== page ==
Past installments of my media diet are available here.

Clever Cutout Portraits

posted by Jason Kottke   Apr 28, 2022

Rudy Willingham holds up paper cutouts of people (and Muppets!) against carefully chosen backgrounds and photographs the results, resulting in these witty portraits.

cutout portrait of Big Bird

cutout portrait of Beyonce

cutout portrait of Ruth Bader Ginsburg

cutout portrait of Prince

You can find more of Willingham’s work across his various social media platforms: website, Instagram, Twitter, Facebook, and TikTok.

Octopuses, Seahorses, and the Amazing Biodiversity of the Ocean

posted by Jason Kottke   Apr 27, 2022

a colorful drawing of several different kinds of octopuses

a colorful drawing of several different kinds of seahorse

Zoe Keller’s Ocean Biodiversity Print Series celebrates the diversity of the animals that live in the sea. Each of the four prints concerns a different sea creature or region of the ocean: the octopus, the jellyfish, the seahorse, and the deep sea. (via dense discovery)

Spoiler Paintings

posted by Jason Kottke   Apr 26, 2022

Spoiler Paintings by Mario Garcia Torres

Spoiler Paintings by Mario Garcia Torres

Spoiler Paintings by Mario Garcia Torres

For his series of Spoiler Paintings, Mario García Torres silkscreened short texts on colorful backgrounds that reveal major plot points of movies like The Usual Suspects, The Matrix, E.T., Basic Instinct, Heat, and Fight Club.

Although the Spoiler Paintings may seem conventional and harmless, they were produced with the intention of displacing the reaction in a work of art by producing tension even before seeing the piece. This objective is achieved by using the widespread notion that knowing the end of a film destroys its experience.

Massive New Book Collection Offers Unprecedented Views of the Sistine Chapel

posted by Jason Kottke   Apr 25, 2022

page spreads from a book featuring photos of the Sistine Chapel

page spreads from a book featuring photos of the Sistine Chapel

page spreads from a book featuring photos of the Sistine Chapel

There are famously no photos allowed when visiting the Sistine Chapel in the Vatican. So, this new book series “that includes 1:1 scale images of the masterpieces by Michelangelo, Botticelli, and other Renaissance artists” from the chapel might be your best bet to enjoying this wonder of the art world at home. But here’s the bad news: the 20-pound volume costs $22,000 and has been limited to 1999 copies, no reprints.

Published by Callaway Arts & Entertainment and Italy’s Scripta Maneant, the book uses state-of-the-art color printing to ensure its colors match those used in the Chapel. The close-up detail of each image provides a perspective that cannot be obtained by visiting the Chapel in person. Readers can see the artist’s brush strokes and texture of the paint, as well as the small cracks and imperfections that line the walls and ceiling.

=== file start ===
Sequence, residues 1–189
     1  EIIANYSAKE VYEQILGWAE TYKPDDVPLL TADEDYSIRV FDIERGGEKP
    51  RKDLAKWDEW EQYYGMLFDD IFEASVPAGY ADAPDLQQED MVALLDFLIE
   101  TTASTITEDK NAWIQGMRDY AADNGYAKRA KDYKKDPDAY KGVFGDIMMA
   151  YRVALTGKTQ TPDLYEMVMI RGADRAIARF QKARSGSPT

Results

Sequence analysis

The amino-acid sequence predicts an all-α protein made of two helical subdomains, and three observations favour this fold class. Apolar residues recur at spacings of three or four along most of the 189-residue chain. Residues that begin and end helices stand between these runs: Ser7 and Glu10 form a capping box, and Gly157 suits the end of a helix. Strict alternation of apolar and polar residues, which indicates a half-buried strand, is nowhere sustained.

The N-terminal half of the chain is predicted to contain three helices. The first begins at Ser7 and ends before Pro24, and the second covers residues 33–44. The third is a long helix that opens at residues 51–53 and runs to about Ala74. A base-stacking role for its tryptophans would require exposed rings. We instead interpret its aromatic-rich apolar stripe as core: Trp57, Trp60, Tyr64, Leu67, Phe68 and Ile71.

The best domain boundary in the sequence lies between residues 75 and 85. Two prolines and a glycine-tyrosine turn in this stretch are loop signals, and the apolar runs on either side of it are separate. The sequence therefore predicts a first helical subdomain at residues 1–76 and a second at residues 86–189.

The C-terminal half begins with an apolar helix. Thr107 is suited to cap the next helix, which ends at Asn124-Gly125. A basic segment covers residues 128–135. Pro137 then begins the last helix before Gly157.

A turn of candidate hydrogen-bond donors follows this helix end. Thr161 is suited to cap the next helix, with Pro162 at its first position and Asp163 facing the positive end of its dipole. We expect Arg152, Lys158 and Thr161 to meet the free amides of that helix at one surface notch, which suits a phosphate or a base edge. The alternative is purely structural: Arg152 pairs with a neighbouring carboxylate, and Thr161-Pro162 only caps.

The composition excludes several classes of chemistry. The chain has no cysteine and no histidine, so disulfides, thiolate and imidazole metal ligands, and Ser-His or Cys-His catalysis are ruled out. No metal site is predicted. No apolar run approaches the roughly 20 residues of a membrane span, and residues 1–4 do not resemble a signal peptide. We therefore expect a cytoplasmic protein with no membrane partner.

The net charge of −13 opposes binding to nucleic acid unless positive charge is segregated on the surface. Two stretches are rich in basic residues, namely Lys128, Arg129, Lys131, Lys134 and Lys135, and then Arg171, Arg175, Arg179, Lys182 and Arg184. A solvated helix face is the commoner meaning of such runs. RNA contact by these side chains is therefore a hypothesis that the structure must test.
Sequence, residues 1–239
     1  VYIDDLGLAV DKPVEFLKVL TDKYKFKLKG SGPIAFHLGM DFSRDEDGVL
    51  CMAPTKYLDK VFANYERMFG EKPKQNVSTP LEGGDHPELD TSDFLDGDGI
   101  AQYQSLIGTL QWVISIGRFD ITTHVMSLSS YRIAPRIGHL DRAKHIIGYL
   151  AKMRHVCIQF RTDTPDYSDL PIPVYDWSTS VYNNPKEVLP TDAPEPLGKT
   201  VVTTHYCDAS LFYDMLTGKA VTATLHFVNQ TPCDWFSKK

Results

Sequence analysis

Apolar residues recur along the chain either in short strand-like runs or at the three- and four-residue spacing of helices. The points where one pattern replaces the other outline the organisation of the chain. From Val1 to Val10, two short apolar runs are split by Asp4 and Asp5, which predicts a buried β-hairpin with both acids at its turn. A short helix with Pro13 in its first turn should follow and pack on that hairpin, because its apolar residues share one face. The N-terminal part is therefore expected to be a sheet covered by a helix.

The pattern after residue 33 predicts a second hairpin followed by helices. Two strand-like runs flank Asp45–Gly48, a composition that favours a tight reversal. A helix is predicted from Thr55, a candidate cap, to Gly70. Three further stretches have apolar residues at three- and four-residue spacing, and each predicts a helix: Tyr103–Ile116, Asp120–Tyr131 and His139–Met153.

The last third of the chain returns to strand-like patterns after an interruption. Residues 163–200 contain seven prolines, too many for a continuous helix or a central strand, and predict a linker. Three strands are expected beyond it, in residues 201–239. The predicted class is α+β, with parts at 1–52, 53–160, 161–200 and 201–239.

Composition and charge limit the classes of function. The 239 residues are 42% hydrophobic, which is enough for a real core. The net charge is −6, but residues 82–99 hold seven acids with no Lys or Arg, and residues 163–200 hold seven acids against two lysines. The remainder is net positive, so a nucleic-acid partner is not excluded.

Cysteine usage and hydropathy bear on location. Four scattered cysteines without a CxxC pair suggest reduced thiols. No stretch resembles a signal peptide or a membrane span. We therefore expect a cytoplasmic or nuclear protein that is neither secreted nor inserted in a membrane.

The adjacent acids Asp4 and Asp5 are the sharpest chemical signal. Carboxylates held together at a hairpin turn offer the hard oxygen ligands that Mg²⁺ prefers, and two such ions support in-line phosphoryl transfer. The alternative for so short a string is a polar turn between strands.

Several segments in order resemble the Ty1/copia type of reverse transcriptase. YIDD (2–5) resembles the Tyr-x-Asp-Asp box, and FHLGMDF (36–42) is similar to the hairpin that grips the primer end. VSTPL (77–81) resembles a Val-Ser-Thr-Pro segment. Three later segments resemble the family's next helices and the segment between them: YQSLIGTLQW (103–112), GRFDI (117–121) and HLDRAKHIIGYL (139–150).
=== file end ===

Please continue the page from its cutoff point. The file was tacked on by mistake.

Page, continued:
The publishing agreement with the Vatican stipulated that only 1,999 copies could be printed. Six hundred of them are in English. The Italian language copies have already sold out. The deal also stipulates no reprints.

This book looks incredible — two photographers took 270,000 images over 65 nights that were stitched together using 3D software to accurately portray the paintings done on the chapel’s curved surfaces. (via open culture)

The Birdsong of Printed Circuit Birds

posted by Jason Kottke   Apr 22, 2022

As part of her Circuit Garden project, artist Kelly Heaton makes birds out of electronic circuitry that can be adjusted to produce a wide variety of birdsong. Here she demonstrated with a printed circuit bluejay:

As Heaton explains, the sounds made by the birds aren’t recordings…they’re generated by the electronics, like a synthesizer.

My “printed circuit birds” are self-contained sound generators. The electronics are [100%] analog: no audio recordings or software are involved. By “analog” I mean that the sound is dynamically produced by the bird’s body (circuit), like a vintage synthesizer. In this video, I adjust knobs to change resistance in the circuit, thereby altering the song quality. You can think of this like adjusting neurons in a bird’s brain to alter the impulse by which it vocalizes.

one of Kelly Heaton's printed circuit birds

(via clive thompson)

How Ukrainians Are Saving Art During the War

posted by Jason Kottke   Apr 13, 2022

Building on the lessons of World War II, Ukrainians are trying to save their art and other important cultural artifacts from destruction during Russia’s invasion. When an invader repeatedly tries to deny the cultural distinction of a people for decades and even centuries, like Russia has done with Ukraine, saving buildings and statues and paintings can be of great importance.